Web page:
Greetings team Kifaru!
Simon and Alison here, enjoying our last few days in Portland before takeoff to East Africa! We’ve been soaking up the warmth up here in Oregon as we prepare ourselves for the radiant African sunshine. Seriously. It’s gonna be hot!
Yesterday we returned from a 4-day camping retreat with the entire Carpe Diem staff, including all the other amazing leaders who will be traveling with groups like ours all over the world. We enjoyed four full days of workshops, activities, games, and deep introspection in the shadow of glorious Mt. Hood. Learning the details of our itinerary, local contacts, and a bit about you all, got us even more excited for our upcoming adventure.
Our itinerary is simply amazing. Right off the bat, we’ll be heading to Morogoro, a mid-sized town at the foot of the beautiful Uluguru Mountains. It’ll be a perfect place for our orientation, to talk more in depth about our itinerary, and to ground into Tanzanian life.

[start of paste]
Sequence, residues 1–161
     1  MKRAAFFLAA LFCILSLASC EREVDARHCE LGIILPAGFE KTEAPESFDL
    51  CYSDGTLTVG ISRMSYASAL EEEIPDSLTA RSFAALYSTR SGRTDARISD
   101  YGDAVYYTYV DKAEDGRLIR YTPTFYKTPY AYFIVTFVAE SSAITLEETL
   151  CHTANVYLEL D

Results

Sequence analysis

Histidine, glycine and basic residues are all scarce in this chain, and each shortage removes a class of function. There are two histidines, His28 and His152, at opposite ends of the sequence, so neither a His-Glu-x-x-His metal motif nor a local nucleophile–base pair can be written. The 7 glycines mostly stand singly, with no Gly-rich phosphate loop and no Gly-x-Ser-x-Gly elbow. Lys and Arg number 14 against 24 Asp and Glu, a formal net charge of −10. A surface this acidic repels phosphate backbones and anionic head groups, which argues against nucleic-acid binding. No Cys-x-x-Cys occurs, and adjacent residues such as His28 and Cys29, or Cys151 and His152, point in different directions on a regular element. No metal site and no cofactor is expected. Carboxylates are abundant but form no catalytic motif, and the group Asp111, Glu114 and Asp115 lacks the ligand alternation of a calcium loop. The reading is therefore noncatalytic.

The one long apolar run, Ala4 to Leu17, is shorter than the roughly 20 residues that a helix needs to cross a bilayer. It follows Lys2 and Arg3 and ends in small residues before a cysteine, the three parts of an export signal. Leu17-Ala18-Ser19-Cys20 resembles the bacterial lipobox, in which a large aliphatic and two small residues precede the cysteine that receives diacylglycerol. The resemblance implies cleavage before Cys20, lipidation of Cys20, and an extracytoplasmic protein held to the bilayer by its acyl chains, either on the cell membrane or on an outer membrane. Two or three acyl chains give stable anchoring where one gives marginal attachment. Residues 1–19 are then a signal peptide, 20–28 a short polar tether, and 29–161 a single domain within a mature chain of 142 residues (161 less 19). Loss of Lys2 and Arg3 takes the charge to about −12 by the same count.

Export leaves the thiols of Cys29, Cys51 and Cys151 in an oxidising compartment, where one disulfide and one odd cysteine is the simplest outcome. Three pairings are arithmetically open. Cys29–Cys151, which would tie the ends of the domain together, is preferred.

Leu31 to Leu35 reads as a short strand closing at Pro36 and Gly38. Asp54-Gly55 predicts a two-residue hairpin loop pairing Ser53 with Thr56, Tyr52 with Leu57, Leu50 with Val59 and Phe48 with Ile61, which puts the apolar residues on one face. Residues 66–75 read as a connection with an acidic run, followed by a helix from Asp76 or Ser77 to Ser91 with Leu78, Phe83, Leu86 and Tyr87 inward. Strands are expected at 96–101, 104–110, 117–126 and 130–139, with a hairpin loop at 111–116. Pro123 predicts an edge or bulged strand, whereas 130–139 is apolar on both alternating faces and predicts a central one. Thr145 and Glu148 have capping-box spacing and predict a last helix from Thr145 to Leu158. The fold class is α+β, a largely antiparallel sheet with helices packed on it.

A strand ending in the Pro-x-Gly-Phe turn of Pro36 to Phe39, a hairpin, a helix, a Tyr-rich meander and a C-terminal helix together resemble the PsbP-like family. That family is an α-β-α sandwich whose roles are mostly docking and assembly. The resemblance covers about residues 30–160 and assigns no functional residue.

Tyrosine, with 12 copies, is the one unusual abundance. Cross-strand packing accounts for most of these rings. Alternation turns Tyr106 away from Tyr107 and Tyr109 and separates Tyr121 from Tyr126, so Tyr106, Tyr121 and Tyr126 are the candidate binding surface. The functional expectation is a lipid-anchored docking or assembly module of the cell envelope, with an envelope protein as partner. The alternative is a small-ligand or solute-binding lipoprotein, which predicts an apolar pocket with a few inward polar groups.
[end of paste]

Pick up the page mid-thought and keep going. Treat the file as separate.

We both have a deep love and connection to Mama Africa. Our own previous travels on the continent have inspired us in countless ways. In fact, we’ve both written articles and stories about our times there.
To read more about our perspectives on East Africa, check out the following links:
Alison’s 6 Things You’ll Want to Know about Tanzania: http://www.pinkpangea.com/2014/12/tanzania-africa-6-things-youll-want-to-know/
Simon’s Train-wreck Travels in Tanzania:
If you have any last-minute questions or concerns as you finish packing, don’t hesitate to let us know.
Prepare for the trip of a lifetime!
-Alison & Simon
“There’s an old analogy to a cup of tea. If you want to drink new tea you have to get rid of the old tea that’s in your cup, otherwise your cup just overflows and you get a wet mess. Your head is like that cup. It has a limited capacity and if you want to learn something about the world you should keep your head empty in order to learn it. It’s very easy to spend your whole life swishing old tea around in your cup thinking it’s great stuff because you’ve never really tried anything new, because you could never get it in, because the old stuff prevented its entry, because you were so sure the old stuff was so good, because you never really tried anything new…”
― Robert M. Pirsig, Zen & The Art of Motorcycle Maintenance